Unemployment Decreases Slowly as Economists Fear Resurgence of COVID-19

The unemployment rate of 14.8% in the region is still nearly 50% higher than it was at the peak of the Great Recession

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Unemployment numbers continue to decrease across San Diego County from a high of 25% in May, according to a report from the San Diego Association of Governments released Thursday.

The region's unemployment rate is estimated to be 14.8%, the SANDAG report found, 1.5% lower than the previous week and 6.4% lower than a month previous.

However, more than 250,000 people are still unemployed in the county, five times the number before the COVID-19 pandemic began.

In the week ending June 20, more than 25,000 people are estimated to have returned to work, with 30,000 doing so the week before.

"New weekly unemployment insurance claims in the region have increased over the last week, but the number of people receiving unemployment insurance in the region continues to decline," the report said. "This trend confirms that more people are returning to work than are being laid-off."

SANDAG's data runs on about a two-week delay.

A recent spike in COVID-19 cases after they had appeared to have peaked in late-April is bad news for the economy, SANDAG's economists said.

"In response to COVID-19 cases going up, Governor (Gavin) Newsom and local county officials have reversed some of the reopening plans," the report said. "As of July 1, bars, breweries and wineries that do not serve food have been ordered to close. Although this does not represent a large percentage of the San Diego regional workforce, it communicates that reopening the economy will take longer than first anticipated."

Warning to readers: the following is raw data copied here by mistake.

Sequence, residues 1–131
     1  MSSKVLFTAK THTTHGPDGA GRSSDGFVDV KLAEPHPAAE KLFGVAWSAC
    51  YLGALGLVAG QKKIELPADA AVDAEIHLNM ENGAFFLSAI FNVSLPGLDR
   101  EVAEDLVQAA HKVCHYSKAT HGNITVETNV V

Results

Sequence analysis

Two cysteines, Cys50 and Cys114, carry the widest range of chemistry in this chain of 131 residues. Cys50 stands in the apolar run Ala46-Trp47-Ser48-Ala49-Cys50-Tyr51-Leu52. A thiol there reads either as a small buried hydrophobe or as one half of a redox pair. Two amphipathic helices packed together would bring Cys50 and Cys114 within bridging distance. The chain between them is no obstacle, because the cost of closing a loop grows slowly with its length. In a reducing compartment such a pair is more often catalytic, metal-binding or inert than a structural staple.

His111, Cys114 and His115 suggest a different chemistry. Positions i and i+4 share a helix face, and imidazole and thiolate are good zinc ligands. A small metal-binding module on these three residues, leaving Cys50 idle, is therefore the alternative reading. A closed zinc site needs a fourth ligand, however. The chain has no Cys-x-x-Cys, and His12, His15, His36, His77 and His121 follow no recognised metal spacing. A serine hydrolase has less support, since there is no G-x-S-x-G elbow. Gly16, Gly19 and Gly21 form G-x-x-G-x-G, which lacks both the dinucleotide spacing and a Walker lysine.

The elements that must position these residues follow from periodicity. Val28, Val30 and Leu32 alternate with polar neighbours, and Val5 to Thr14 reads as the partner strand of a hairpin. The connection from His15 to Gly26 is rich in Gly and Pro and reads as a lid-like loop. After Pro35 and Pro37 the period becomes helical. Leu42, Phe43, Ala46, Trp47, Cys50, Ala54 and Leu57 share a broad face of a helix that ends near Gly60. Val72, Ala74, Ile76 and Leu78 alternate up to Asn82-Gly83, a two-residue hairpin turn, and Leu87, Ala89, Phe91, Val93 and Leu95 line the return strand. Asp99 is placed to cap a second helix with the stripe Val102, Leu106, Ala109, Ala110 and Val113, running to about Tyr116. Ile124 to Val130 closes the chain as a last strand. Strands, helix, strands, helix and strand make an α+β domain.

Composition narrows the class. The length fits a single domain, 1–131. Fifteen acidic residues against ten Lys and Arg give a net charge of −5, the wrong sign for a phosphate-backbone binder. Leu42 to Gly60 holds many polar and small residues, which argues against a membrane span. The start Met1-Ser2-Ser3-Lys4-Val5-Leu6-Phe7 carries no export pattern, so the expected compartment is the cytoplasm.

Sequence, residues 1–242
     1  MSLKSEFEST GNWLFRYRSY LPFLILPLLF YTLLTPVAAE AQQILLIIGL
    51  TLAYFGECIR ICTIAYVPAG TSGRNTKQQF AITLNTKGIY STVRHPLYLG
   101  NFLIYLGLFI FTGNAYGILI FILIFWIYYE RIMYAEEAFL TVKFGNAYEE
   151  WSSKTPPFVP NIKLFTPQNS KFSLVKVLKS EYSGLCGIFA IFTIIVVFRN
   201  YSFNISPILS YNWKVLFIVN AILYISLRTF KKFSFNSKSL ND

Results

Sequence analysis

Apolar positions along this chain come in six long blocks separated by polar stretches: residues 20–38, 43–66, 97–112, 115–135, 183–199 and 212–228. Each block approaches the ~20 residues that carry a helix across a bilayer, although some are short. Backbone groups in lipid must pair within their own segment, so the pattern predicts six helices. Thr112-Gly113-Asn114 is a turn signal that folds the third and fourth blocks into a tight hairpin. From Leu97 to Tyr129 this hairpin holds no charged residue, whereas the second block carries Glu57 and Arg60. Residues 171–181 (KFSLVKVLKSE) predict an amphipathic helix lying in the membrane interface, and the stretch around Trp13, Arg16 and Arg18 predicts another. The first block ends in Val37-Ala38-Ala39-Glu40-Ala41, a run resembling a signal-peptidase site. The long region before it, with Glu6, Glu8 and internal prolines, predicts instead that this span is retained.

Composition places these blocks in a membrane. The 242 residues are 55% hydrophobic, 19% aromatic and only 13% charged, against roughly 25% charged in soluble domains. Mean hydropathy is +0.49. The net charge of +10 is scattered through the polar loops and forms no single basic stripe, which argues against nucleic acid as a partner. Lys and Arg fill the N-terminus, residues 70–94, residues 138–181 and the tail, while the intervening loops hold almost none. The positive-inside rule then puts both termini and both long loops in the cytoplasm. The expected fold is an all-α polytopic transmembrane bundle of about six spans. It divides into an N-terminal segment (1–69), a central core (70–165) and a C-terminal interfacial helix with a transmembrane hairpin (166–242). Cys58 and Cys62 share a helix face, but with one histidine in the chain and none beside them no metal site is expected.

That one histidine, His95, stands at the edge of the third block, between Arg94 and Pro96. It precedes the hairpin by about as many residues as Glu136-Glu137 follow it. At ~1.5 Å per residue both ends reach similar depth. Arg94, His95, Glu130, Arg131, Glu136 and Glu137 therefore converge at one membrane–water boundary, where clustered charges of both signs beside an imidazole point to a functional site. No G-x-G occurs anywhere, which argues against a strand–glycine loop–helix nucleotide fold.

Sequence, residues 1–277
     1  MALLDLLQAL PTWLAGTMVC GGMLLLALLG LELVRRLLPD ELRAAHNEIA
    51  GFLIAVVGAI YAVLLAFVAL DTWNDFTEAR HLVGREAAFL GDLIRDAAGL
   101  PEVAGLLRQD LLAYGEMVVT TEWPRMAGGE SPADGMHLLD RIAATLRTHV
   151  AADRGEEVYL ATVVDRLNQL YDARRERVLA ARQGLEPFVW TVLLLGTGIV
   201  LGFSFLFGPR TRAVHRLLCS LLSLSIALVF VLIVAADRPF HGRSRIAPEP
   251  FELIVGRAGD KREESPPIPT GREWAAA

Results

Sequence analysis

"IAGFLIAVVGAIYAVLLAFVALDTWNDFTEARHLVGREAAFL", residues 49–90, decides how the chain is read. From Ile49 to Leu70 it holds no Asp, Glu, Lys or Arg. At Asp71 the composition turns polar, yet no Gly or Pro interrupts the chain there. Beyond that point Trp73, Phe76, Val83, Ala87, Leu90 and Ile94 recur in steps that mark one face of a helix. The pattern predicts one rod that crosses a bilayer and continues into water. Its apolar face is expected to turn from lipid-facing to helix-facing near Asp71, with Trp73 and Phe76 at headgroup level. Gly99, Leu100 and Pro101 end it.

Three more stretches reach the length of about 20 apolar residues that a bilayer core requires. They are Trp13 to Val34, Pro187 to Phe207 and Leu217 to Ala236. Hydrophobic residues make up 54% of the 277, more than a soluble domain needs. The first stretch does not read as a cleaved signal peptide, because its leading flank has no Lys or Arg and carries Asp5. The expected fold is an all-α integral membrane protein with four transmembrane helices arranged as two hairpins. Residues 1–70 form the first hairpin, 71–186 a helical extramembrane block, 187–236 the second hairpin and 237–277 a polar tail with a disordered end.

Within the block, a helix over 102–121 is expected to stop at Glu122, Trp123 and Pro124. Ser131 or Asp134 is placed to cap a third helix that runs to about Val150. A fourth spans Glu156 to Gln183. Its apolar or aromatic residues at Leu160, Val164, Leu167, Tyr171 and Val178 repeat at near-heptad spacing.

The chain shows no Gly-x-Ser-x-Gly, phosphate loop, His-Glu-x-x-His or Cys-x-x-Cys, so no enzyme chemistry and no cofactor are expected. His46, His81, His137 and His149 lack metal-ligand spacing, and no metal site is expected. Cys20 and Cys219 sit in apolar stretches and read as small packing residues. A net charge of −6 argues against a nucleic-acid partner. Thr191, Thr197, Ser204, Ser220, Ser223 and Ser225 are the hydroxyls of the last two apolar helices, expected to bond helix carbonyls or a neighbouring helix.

The report also notes that people may be less likely to spend when cases rise, as consumer confidence drops -- particularly in "high-contact" jobs where customers and employees interact in close proximity.

The unemployment rate of 14.8% in the region is still nearly 50% higher than it was at the peak of the Great Recession -- 10.8% in 2009 -- which signals that there is still a long way to go to return to the unemployment levels recorded in March 2020, before the start of the public health crisis.

The most affected ZIP Codes remain those in the southern and central part of the region. The five ZIP Codes still experiencing the highest unemployment rates are Encanto, College Area, City Heights, San Ysidro and Logan Heights. Only Logan Heights has an average unemployment rate over 20%.

The five ZIP Codes with lowest unemployment rates are Del Mar, Carmel Valley, Rancho Santa Fe, Chula Vista NE and Rancho Bernardo W. These areas have an average unemployment rate of just over 10%.

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